Wayne Stubbs, 44, received six years and his mother Wendy Stubbs, 62, also of Briarwood House, Orpington Road, Chislehurst, Kent received three years.
Wayne's ex-girlfriend Rachel Gledhill, 39, of Armitage Road, Milnsbridge who worked for Harvey Nichols, but allegedly posed an IT consultant and fine arts dealer to get loans was found not guilty of participating in the plot.
Prosecutor Mr. Nick Mather told the Old Bailey at their trial that Gledhill purchased 52 Hollyfield Avenue, Huddersfield in 2004 with the help of a £225,000 mortgage granted on the basis she was a £67,000 a year IT consultant.
“That is simply untrue, she is not an IT consultant and she was not earning that money. She was working as a sale assistant in Harvey Nichols.
“This is a lie on the mortgage application and this is part of a pattern of lies that go throughout this case.”
The jury were told Wayne was the mastermind behind the frauds. “This is not something Rachel Gledhill has decided to do off her own bat.”
The second property Gledhill purchased, 4 The Courtyard, Holwood, Keston, Kent, needed a £424,950 mortgage and she claimed to run her own successful fine arts business to obtain the loan in 2005.
“She say's she's a professional and had been doing this since May 1996 and owned one hundred per cent of the business.”
Gledhill claimed to net over £172,000 a year from the non-existent business, added Mr. Mather. “All of that was untrue because we known how much she was earning.”
The last known income for Gledhill was £12,000 in 2004 and from 2005 to 2011 she has no employment or tax records whatsoever.
“You can be confident these are lies in her documentation.”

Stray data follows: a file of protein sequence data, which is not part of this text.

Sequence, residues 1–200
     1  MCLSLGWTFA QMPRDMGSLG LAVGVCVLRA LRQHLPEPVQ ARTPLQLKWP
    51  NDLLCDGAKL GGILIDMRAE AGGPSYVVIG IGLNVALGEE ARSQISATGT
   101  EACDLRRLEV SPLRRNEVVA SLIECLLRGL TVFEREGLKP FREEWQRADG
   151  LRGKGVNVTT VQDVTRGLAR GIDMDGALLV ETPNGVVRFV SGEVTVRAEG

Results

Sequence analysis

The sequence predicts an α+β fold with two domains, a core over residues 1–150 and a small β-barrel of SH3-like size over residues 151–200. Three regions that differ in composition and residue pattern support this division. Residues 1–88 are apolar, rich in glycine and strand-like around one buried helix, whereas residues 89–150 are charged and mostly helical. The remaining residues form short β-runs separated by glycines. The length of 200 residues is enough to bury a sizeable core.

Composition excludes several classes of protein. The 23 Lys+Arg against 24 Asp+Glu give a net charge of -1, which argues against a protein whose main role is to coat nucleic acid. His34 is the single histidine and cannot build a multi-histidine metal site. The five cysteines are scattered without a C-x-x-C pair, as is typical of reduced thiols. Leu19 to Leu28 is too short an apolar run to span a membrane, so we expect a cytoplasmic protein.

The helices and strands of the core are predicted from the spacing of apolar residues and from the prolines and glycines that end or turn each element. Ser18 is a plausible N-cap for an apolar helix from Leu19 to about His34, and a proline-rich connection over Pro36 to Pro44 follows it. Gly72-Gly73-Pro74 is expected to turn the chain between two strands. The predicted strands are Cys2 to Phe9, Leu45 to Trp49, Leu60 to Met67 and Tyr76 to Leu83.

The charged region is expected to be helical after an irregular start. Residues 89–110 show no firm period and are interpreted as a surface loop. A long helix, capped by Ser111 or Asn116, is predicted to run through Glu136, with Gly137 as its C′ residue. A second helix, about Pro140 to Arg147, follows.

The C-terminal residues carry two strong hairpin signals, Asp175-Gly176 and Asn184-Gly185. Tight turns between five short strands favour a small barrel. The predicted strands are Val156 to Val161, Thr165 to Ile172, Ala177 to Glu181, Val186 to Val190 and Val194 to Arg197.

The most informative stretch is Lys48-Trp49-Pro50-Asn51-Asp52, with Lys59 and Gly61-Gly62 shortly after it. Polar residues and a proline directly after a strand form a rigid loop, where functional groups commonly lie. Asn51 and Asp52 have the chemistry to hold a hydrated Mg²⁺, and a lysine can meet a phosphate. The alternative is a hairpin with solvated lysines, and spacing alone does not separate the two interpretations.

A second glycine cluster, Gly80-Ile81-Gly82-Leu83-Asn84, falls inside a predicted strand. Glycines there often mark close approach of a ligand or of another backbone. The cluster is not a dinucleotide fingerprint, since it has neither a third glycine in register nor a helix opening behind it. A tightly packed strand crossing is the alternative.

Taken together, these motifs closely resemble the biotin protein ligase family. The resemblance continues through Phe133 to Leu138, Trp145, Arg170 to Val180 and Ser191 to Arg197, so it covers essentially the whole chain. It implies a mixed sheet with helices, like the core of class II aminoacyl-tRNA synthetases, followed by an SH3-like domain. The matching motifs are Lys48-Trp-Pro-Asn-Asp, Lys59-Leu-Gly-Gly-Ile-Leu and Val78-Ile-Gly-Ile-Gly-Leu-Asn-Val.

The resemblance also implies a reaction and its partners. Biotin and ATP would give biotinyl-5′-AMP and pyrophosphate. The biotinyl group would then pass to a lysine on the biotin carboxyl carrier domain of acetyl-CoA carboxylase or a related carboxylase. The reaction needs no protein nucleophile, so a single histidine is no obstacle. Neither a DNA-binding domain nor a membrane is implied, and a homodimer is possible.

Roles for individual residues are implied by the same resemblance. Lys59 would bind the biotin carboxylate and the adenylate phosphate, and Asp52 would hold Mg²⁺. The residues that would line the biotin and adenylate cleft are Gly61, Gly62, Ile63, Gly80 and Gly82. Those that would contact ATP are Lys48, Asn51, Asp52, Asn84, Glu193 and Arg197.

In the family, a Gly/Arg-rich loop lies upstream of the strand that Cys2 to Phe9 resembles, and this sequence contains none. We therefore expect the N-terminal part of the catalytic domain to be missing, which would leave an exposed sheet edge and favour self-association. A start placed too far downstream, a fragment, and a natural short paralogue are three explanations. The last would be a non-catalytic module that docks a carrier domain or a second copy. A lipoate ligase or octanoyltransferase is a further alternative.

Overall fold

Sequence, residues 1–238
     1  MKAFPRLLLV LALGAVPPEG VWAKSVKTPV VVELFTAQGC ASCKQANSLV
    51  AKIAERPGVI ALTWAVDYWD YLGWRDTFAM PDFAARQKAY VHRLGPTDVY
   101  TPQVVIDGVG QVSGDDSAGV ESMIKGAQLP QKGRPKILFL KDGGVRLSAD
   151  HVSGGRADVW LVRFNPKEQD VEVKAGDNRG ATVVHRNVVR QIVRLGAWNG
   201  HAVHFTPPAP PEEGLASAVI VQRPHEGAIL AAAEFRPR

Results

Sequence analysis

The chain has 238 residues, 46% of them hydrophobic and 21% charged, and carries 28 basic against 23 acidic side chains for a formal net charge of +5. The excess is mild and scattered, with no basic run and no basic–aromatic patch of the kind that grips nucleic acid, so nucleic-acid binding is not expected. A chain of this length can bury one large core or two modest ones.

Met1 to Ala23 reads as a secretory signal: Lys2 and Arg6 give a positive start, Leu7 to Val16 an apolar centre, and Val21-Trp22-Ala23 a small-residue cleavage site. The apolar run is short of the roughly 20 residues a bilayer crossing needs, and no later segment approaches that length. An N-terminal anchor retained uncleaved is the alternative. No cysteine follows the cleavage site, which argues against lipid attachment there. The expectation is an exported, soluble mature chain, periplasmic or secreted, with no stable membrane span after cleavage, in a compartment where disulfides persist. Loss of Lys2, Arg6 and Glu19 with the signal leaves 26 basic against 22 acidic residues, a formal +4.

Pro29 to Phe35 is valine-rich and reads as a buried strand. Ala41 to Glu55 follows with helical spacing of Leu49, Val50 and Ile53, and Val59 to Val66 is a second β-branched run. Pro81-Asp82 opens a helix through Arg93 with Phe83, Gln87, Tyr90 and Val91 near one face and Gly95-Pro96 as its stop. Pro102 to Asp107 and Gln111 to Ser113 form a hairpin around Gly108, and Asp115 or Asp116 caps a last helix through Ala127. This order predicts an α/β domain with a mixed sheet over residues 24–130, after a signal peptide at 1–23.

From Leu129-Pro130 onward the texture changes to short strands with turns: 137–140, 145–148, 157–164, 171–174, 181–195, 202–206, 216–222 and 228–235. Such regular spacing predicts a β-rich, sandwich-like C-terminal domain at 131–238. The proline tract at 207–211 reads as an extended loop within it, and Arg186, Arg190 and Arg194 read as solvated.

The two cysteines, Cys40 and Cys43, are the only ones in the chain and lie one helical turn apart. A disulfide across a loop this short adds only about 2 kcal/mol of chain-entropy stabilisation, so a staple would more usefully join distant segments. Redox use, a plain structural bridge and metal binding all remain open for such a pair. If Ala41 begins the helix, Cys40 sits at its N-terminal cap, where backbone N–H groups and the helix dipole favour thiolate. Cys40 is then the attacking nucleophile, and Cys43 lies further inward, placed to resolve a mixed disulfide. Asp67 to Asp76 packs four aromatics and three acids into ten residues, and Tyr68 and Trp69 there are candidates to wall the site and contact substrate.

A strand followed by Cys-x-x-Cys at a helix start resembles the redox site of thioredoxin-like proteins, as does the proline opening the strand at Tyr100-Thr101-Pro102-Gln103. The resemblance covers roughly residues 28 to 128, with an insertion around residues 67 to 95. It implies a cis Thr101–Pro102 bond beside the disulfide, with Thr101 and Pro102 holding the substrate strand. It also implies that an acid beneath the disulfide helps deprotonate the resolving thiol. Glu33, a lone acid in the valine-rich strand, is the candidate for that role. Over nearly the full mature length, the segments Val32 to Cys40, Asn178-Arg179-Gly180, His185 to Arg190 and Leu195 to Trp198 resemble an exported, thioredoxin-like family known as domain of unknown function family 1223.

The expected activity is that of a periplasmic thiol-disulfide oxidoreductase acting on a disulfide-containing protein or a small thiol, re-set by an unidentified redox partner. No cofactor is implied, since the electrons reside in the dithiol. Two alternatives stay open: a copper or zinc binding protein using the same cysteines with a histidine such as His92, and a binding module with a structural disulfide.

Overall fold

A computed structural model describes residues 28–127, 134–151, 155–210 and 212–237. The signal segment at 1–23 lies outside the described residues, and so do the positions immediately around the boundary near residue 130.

4 The Courtyard was rented for £2,000 per month without the permission of the lender and sold in May, 2008 for £472,000, which the prosecution say is criminal property.
The Stubbs' were involved in further frauds on their own, added Mr. Maher. “It's about mortgage fraud and money laundering.
“These three defendants, individually and together, obtained a number of different mortgages and they did this by lying about their employment and income.
“They then bought properties on the back of these lies and received steady income by renting out these properties to tenants and that amounted to criminal conduct that was never declared.
“Wayne is behind each and every one of these transactions. His fingerprints, euphemistically speaking, are all over this case.”
Wendy fronted the purchase of one property by claiming to be a £120,000 financial consultant.
“She has never, prior or since, earned that money. She was unemployed and on benefits.”
On another occasion she claimed to be a £75,000 a year interior designer and Wayne himself posed as a £110,000 a year unit trust dealer to obtain a big mortgage.
Wayne has not employment or tax history between 1995 and 2011. “He's a man who has no income at all as far as Revenue and Customs are concerned.
“He's someone seemingly under the radar with no income.”
The Stubbs' were convicted of four counts of obtaining a money transfer by deception for which they are jointly charged.
Ms Stubbs was also found guilty of three counts of entering or becoming concerned with a money laundering arrangement, and a count each of obtaining a money transfer by deception, acquiring criminal property and fraud by false representation.
Ms Stubbs denied but was convicted of entering or becoming concerned with a money laundering arrangement and two counts of acquiring criminal property.